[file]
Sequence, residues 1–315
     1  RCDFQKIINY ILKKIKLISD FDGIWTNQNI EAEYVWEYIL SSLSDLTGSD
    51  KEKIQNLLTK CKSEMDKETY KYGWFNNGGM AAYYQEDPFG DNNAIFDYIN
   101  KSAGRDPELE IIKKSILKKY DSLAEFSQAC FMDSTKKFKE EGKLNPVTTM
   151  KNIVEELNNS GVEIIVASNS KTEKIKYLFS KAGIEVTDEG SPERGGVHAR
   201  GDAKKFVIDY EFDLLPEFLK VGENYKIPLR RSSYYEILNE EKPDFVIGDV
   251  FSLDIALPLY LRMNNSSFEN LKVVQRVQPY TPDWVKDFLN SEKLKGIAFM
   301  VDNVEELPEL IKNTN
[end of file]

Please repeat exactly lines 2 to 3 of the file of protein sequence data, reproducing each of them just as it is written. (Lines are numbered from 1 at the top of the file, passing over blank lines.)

     1  RCDFQKIINY ILKKIKLISD FDGIWTNQNI EAEYVWEYIL SSLSDLTGSD
    51  KEKIQNLLTK CKSEMDKETY KYGWFNNGGM AAYYQEDPFG DNNAIFDYIN